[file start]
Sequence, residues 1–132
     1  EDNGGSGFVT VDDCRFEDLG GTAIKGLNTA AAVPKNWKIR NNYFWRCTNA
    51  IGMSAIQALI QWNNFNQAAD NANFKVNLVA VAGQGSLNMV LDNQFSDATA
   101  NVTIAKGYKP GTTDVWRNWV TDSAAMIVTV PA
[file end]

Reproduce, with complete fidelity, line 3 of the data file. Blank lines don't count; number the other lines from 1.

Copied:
    51  IGMSAIQALI QWNNFNQAAD NANFKVNLVA VAGQGSLNMV LDNQFSDATA